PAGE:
Monday, August 17, 2009

Don't Play Games With Me. I'm Just Not Ready.

I know I'm not the only kid who played computer games as a kid, but I can say with some certainty that not many kids played chess as a computer game when they were younger. My dad, who wanted my siblings and I to learn to play the game, one day brought home a computer game designed to teach the principles of chess. He'd already taught us some things, but he really wanted to get the game going in our heads.

I played my way through all the levels of the game, cementing permanently in my mind at least a rudimentary knowledge of the game. After that, I dipped my toe in the pool of chess. I played my siblings, my dad, my uncle, and my grandfather. My grandfather was good. He could play my siblings, me, and my little cousin all at the same time, and win all four games, too.

Me, I'm not good. I never seemed to have the head for it, could never see my opponent's moves coming, nor plan very far ahead. That's important in chess.

Here's the thing. I'm trying to use chess in the Thief Book. In my mind, it's supposed to be a metaphor for the game being played between my MC and the chief of police (and, in a wider sense, the game the thief is playing with the police). Also, it's something for the characters to do while they talk to each other. What this all means for me is that I need to map out the chess game in my head.

It's hard. At the moment, I'm focusing on the dialogue that occurs during the game, so I have a place-holder game going on. A sort of a rough draft game in the rough draft text. However, I cannot avoid it forever. I will, at some point, have to figure out what kind of game those two are playing, on the chess board at least. To do that, though, I'm going to have to return to the world of chess and learn to play the game all over again.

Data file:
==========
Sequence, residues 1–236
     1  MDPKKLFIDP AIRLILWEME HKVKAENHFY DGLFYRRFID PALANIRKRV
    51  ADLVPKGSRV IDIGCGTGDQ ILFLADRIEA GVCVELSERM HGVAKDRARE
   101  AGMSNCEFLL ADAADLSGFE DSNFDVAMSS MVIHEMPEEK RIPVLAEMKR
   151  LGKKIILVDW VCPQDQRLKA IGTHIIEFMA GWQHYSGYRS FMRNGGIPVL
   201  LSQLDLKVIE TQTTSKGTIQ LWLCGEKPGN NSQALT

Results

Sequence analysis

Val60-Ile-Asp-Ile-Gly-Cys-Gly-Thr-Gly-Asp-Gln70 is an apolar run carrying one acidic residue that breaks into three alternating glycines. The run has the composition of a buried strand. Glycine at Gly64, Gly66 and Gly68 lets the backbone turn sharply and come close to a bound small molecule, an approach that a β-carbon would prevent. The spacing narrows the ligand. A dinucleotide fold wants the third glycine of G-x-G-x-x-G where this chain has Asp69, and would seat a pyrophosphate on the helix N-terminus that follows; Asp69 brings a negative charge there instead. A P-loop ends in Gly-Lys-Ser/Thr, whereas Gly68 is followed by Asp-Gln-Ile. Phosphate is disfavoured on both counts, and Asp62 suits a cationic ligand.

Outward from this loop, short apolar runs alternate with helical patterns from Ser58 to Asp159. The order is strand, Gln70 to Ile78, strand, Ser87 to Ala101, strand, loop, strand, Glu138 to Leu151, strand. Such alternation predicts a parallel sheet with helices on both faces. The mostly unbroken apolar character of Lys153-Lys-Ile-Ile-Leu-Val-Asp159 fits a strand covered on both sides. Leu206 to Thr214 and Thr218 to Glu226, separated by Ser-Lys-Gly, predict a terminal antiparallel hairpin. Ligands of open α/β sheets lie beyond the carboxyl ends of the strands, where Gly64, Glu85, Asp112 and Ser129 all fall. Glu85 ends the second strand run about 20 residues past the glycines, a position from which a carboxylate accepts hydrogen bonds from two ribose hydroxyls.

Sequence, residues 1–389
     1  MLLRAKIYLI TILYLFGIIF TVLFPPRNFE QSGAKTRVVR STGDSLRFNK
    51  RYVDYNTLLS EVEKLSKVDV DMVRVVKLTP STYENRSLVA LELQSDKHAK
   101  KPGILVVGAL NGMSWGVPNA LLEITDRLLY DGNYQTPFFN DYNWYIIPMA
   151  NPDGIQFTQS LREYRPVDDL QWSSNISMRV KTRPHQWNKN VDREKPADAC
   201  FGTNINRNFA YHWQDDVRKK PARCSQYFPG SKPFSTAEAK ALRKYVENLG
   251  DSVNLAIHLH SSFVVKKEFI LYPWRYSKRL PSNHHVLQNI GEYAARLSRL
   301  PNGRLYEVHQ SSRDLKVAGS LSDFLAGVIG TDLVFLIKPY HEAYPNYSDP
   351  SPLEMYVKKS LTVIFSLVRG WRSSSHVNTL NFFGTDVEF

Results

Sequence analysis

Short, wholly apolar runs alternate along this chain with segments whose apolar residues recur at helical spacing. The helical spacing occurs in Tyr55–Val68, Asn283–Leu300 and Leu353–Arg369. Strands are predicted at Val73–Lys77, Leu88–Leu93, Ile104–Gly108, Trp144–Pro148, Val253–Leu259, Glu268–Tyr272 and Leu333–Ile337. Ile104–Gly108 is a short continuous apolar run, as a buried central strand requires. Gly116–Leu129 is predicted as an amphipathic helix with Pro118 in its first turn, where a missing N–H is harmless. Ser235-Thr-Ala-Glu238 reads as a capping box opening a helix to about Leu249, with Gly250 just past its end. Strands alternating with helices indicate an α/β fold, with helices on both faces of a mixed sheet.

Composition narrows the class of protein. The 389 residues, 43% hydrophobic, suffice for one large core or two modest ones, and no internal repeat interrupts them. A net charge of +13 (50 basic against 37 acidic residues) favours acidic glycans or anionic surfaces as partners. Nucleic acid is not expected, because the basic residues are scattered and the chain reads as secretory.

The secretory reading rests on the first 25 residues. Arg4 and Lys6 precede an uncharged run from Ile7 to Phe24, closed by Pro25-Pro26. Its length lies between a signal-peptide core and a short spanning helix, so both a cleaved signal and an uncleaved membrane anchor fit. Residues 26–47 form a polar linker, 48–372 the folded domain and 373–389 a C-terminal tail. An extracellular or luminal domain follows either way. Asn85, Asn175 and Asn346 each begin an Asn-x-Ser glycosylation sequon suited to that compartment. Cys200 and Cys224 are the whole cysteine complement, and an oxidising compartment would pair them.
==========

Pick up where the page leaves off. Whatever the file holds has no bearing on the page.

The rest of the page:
Writing requires a lot of things from us. Patience. Devotion. Love. Now, from me, it is requiring something more. Chess.

Do you use games in your writing? How do you like to choreograph scenes like this one? Do you choreograph them? Do you use skills of yours in your text? Have you ever learned a skill to use it in a book? What's the most unusual research you've ever done for a story?


  1. I know nothing about Chess, so I can't help you there, but the most unusual research I did involved the Irish Mafia and police dogs. It actually turned out to be quite interesting. Good luck with your chess research!

  2. The Irish Mafia? Really? That sounds fascinating. I seems to me the Irish tend to get overlooked in the Mafia world because of the Italians and the Russians. That's just unfair.